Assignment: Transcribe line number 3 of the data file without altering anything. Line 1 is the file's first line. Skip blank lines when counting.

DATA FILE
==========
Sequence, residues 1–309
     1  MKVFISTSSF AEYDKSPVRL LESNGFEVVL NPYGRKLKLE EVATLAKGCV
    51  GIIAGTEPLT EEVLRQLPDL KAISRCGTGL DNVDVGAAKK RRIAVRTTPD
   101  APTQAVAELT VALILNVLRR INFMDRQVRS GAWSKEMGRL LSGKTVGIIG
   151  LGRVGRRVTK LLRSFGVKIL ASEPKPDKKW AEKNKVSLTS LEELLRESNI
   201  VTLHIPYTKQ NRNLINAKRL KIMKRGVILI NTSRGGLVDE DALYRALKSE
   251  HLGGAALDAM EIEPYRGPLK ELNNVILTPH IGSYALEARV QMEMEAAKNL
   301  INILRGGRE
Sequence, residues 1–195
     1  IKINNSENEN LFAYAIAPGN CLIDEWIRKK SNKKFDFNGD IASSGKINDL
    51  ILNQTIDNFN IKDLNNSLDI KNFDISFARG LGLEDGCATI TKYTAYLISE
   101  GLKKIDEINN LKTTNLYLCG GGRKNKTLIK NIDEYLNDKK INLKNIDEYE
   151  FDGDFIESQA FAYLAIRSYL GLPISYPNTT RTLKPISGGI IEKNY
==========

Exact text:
    51  GIIAGTEPLT EEVLRQLPDL KAISRCGTGL DNVDVGAAKK RRIAVRTTPD